Judge Masipa had “maudlin sympathy” for Oscar Pistorius – NPA’s Gerrie Nel

The National Prosecuting Authority (NPA) has filed court papers setting out the reasons for its appeal against the “shockingly inappropriate” six year sentence handed down to Oscar Pistorius on July 6.

Judge Thokozile Masipa sentenced the former paralympian for a second time after his initial conviction of culpable homicide was overturned by the Supreme Court of Appeal and converted to murder last year.

In the original trial, Pistorius was convicted of culpable homicide for killing his model girlfriend at his home on Valentine’s Day, 2013. Masipa sentenced him to five years, and he served one year of that sentence.

When she was tasked with re-sentencing him for murder, she found that the mitigating factors in the case outweighed the aggravating factors.

In papers filed on Thursday, the NPA states that the court “misdirected itself in finding that the aggravating factors in casu are outweighed by the mitigating factors”.

It listed the aggravating factors identified by the court which included the fact that Pistorius used a lethal weapon and that he had fired four shots into the toilet door through which Steenkamp was fatally shot (not only one shot), knowing there was someone behind it with no room to escape.

It further listed the mitigating factors found by the court, which included the fact that Pistorius approached the bathroom in the belief that an intruder had entered his house, that he felt vulnerable without his prosthetic legs, that he tried to save Steenkamp’s life, and was genuinely remorseful.

State prosecutor Gerrie Nel contends that the court did not take into account three major aggravating factors:

He listed these as:

“1.It was in the bedroom that the accused had formed the intention to shoot and when he realised that there was someone behind the toilet door he fired four shots.

“2. The Supreme Court of Appeal as well as this Court rejected the defence that the accused acted in private defence or even putative private defence. Thus, there existed no justification for the accused’s actions.

“3. And perhaps the most important factor that the court failed to take into account is that the accused ‘fired four shots through the door. And he never offered an acceptable explanation for having done so’.”

Nel further argues that “the Court misdirected itself in not focusing on the fact that the accused’s actions in firing four shots at a human being behind a closed toilet door was no mistake”.

The NPA also contends that the question of minimum sentencing as prescribed by legislation should be considered.

Nel argued that the Court “misdirected itself in under-emphasising the trite principle that when sentencing in terms of the minimum sentence legislation, a court is not given a ‘clean slate’ on which to inscribe whatever sentence it thinks fit or appropriate, but the starting point in a matter such as this is the prescribed minimum sentences ordained by the legislature”.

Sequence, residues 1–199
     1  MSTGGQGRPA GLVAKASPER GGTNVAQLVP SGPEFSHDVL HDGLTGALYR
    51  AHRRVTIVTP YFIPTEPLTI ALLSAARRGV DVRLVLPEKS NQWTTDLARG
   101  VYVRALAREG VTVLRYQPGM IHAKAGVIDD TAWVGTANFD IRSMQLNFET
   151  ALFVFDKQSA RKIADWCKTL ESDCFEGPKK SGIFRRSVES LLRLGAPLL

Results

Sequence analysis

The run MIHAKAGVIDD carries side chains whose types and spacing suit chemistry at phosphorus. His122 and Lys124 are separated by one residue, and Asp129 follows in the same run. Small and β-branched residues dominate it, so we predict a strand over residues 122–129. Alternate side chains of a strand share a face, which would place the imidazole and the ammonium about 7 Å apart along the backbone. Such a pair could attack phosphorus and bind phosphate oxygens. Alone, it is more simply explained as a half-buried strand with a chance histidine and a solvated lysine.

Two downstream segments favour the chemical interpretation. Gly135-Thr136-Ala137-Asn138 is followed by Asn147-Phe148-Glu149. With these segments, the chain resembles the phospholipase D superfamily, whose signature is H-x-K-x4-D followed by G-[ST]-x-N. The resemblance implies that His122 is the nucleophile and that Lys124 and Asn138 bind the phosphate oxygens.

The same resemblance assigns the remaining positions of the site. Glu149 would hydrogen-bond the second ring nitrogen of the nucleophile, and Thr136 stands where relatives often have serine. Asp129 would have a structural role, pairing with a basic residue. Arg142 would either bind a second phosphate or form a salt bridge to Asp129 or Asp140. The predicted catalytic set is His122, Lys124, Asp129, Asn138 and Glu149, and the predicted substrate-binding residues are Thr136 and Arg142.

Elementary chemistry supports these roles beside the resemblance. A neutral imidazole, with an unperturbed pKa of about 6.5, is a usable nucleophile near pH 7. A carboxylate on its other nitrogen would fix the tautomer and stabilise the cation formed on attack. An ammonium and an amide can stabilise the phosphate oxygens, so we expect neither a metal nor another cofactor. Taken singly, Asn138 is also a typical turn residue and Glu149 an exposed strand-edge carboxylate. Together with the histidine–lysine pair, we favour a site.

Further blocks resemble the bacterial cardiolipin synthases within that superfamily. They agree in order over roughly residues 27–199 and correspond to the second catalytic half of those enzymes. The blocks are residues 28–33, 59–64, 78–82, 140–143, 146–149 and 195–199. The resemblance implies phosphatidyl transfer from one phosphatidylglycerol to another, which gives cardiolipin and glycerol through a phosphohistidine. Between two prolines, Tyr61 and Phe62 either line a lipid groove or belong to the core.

The papers further argue that Masipa over-emphasised Pistorius’s personal circumstances particularly his disability and the fact that he felt “vulnerable” when he committed the crime while on his stumps.

Furthermore, the State argues that the Court had misdirected itself in having “maudlin sympathy” for the accused.

The arguments also highlight Masipa’s under-emphasis of a “victim-centred” sentence in which the impact on the victim’s family is taken into account.

Nel contends that: “The Court, with respect, misdirected itself in finding that the accused has genuine remorse, whereas the Supreme Court of Appeal made it patently and repeatedly clear that “one really does not know what his explanation is for having fired the fatal shots”, which the accused again in sentencing afresh proceedings failed to explain to the Court, thereby failing to take the Court into his confidence”.

He emphasised Pistorius’s failure to show remorse for his actions and the fact that “he intended (dolus eventualis) to kill a human being”.

Calling the sentence “shockingly inappropriate”, he said it attracted the epithets “startling” and “disturbingly inappropriate”.

In conclusion the State argues that the sentence did not adequately reflect the seriousness of the crime of murder and the outrage of the public.

Instead, it had “resulted in an injustice and has the potential to bring the administration of justice into disrepute”. – African News Agency (ANA)

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